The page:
Geoffrey lay on the couch with his eyes closed, waiting for the raw egg to take effect. Back on World of Battle, healing potions started taking effect instantly, and there would be a health meter showing him that it was working. Here on Krim, there were no indicators. All he had to go by was the pain in his head, and the ache throughout the rest of his body.
Next time he was off-world, he was going to leave a very strongly-worded review about Krim. And he had some suggestions for usability improvements, too. First, Krim should do away with the hangovers. Alcohol was the only thing that made Krim tolerable. Punishing people for drinking was a bad design mistake.
“Hold on, I’ll get you something to make you feel better.” Geoffrey heard Flame get up and leave the hall, the heels of her boots clicking against the stone floor. A minute later she was back, putting a cool, damp cloth on his forehead.
It did make him feel better. And Geoffrey noticed that nobody else offered to help. If anyone was going to help him get back to World of Battle, it would be her. With Olav as a backup. He did bring Geoffrey the raw egg, after all.
Happy to have both a plan and a backup plan, Geoffrey relaxed, and, as he did so, he noticed that his head didn’t hurt as much anymore. As the pain receded he noticed that Flame and Abigail were having a conversation. They were keeping their voices down, possibly in deference to his headache. Or maybe for privacy.
“I’m thinking of going north this afternoon, towards Cleig Grijan,” Flame said. “I haven’t been up there yet, and would be nice to get to know the local elders.”
“I might join you,” said Abigail. “Or I might hold an evening service tonight in the chapel.”
“Are people starting to attend? I’m so happy for you.”
“No, not yet,” said Abigail. “Maybe you can come.”
“I wish I could,” said Flame. “If only I wasn’t an atheist. But you know what? You should ask Geoffrey. He wants to learn to be a good person so he can pass an ethics test.”
Abigail was silent for a few beats. “My initial reaction is to say that an AI can’t learn to be a good person,” she said. “But I know that’s just my prejudice talking. Geoffrey is running on the same brain simulation hardware you or I are.”
“And he’s got a soul,” added Flame. “Just like people do.”
“I thought you didn’t believe in souls.”
“But you do.”
“Well, I’m not sure that what the machines is measuring is actually a soul,” said Abigail. “Technically, it’s just a standing quantum wave, isn’t it? Generated by the brain’s electric fields?”
“It carries consciousness and it survives after we die,” said Flame. “In my book, that means it’s a soul.”
“Well, the actual soul could be something else entirely.” Abigail lowered her voice further. “So Geoffrey might or might not have one. But there’s no way to know, really. So I guess it could be a good project to try to make him a better person. Maybe we can start with the writings of St. Augustine. I have some of his works up in my room.”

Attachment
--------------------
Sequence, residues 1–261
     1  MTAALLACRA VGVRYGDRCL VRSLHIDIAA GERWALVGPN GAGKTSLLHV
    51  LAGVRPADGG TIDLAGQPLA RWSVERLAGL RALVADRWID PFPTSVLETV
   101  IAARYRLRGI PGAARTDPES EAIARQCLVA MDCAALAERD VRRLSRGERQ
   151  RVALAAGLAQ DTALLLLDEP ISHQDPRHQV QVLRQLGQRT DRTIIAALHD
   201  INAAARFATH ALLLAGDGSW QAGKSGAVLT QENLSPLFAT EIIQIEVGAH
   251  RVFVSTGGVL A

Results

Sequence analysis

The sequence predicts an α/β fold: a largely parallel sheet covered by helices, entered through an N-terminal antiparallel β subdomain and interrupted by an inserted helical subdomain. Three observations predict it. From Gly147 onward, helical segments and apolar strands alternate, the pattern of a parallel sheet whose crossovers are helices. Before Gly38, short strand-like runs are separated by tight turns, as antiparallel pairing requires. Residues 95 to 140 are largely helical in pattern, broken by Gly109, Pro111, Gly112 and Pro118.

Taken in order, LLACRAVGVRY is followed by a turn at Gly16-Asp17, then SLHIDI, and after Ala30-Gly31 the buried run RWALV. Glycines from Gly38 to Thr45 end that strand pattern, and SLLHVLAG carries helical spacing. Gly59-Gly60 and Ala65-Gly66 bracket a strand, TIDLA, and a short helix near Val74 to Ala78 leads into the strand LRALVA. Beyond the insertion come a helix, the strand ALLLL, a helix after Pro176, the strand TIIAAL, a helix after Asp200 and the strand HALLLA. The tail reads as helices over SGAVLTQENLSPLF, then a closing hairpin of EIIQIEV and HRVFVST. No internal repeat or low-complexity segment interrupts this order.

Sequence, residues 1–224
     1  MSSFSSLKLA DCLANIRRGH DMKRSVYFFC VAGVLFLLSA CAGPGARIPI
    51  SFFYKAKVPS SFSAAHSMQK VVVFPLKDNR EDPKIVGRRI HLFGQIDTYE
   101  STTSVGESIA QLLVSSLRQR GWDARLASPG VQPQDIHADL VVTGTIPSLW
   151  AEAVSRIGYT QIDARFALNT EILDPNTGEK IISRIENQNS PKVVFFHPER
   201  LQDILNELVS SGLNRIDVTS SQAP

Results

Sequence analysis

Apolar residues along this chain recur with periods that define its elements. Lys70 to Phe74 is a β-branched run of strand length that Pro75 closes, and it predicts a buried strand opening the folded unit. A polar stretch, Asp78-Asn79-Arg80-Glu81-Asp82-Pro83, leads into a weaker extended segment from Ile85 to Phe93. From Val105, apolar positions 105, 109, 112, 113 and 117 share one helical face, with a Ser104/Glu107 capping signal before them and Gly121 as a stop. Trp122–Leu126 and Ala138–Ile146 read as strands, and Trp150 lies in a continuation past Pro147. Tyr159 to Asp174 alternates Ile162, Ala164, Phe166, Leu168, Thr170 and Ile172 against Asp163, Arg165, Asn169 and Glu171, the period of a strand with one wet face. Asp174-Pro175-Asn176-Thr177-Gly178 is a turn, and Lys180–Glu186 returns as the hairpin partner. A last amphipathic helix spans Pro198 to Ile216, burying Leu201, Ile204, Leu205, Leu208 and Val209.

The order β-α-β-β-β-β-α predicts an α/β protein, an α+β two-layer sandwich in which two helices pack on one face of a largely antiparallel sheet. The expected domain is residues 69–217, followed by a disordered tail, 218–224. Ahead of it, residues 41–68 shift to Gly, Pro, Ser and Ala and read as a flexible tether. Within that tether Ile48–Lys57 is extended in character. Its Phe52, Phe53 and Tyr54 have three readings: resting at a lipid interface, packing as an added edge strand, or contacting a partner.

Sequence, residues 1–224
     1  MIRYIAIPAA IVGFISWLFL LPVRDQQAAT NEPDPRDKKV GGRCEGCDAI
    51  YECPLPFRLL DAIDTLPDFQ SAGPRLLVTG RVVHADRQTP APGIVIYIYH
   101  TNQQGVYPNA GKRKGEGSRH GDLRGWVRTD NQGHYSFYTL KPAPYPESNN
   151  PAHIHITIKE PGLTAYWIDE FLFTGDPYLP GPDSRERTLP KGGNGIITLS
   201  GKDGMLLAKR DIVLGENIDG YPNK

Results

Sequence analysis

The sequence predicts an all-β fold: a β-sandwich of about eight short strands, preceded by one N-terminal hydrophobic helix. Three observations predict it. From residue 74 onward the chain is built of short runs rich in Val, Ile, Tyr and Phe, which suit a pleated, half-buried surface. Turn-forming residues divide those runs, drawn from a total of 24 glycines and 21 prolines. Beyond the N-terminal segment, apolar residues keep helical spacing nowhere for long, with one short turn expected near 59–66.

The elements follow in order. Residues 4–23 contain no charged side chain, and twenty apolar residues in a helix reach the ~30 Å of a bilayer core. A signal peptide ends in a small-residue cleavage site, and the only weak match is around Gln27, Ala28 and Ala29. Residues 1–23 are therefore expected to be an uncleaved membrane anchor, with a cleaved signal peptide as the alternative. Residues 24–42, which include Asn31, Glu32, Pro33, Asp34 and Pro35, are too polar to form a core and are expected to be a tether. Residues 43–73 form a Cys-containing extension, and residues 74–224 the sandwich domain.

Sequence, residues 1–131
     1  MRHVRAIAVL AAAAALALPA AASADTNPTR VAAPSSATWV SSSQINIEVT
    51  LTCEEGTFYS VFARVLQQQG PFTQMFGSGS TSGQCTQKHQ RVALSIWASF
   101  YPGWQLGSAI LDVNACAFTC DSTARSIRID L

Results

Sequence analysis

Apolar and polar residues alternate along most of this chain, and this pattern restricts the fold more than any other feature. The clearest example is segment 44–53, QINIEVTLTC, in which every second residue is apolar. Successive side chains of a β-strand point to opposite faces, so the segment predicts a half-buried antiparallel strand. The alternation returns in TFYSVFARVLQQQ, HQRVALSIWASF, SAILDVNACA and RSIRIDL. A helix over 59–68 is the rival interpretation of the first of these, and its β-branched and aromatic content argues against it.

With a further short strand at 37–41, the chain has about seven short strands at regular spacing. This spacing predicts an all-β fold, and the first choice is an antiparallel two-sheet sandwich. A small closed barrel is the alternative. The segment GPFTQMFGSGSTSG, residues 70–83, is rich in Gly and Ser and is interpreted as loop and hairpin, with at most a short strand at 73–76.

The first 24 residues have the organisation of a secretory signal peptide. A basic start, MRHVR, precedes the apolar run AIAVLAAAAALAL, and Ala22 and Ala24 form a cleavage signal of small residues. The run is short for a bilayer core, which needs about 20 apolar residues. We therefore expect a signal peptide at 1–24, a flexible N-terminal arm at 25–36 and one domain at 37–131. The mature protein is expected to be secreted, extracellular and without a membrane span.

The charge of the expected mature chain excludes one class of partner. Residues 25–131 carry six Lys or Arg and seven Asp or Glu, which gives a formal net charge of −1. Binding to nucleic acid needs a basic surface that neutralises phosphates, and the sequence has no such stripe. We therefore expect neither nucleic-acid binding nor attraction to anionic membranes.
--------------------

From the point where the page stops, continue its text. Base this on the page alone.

“I think that would help him very much,” said Flame.
“I’ll make some study guides for him,” said Abigail. “I might even write a paper about it. I don’t know if anyone’s tried to teach ethics and morality to a sentient AI in a basic biology world before.”
“Great. And I’ll go organize transportation for this afternoon,” said Flame.
“I’ll be upstairs if you need me, looking for those books.”
Both women left and Geoffrey lifted up the cloth over his eyes so he could look around.
The only one still around was Ayoob, who was sitting in an armchair in the far corner of the room, eating a muffin and reading a book.
Geoffrey sat up. He must have fallen asleep on the couch, because the breakfast dishes has been cleared away and he hadn’t noticed.
“So, Ayoob, what are you up to today?”
Ayoob lifted up the book he was reading. “Studying up on the Krim Terms of Service,” he said. “Fascinating. I don’t think I’ve seen anything like this before.”
“In a good way or a bad way?”
“In an awful way.” He tapped a finger on the book’s pages. “This is basically a master class in how not to organize a virtual world.” He put the book down. “Listen, I can help you study for the ethics test. I took ethics classes as part of my game design degree. In return, I could the help of your giant AI brain to run some battle simulations for me.”
“I don’t have a giant AI brain on Krim,” said Geoffrey. “I just have an average human brain. I could go off-world and get access, but you can go off world to do the same.”
“True, true,” said Ayoob. “In that case, never mind. To be honest, I don’t remember much from my ethics classes. You’re better off with Abigail.”
“You don’t want to help me from the goodness of your heart?” Geoffrey asked.
“I believe in reciprocity,” said Ayoob. “Without reciprocity, human relationships get unbalanced. One person is always taking, and the other giving, and it leads to bad feelings all around.”
“So you only help people if there’s something in it for you?”
“No, I make exceptions. For good people, who have a real need, and who actually want my help. You just want to get back to World of Battle. That’s not a particularly worthwhile goal.”
Bartram poked his head into the room. “Hey, you guys are still here. I hear there are going to be some strippers down at the inn tonight. You guys in?”
“No, thanks,” said Ayoob. “And they prefer to be called wenches.”
“What about you, Geoffrey? We can do some male bonding. Throw some money around. What’s the point of having money if you can’t use to have fun?”
“Sorry, Bartram. I’ve got plans today. I’m thinking of going up north, getting to know local villagers. Maybe next time.”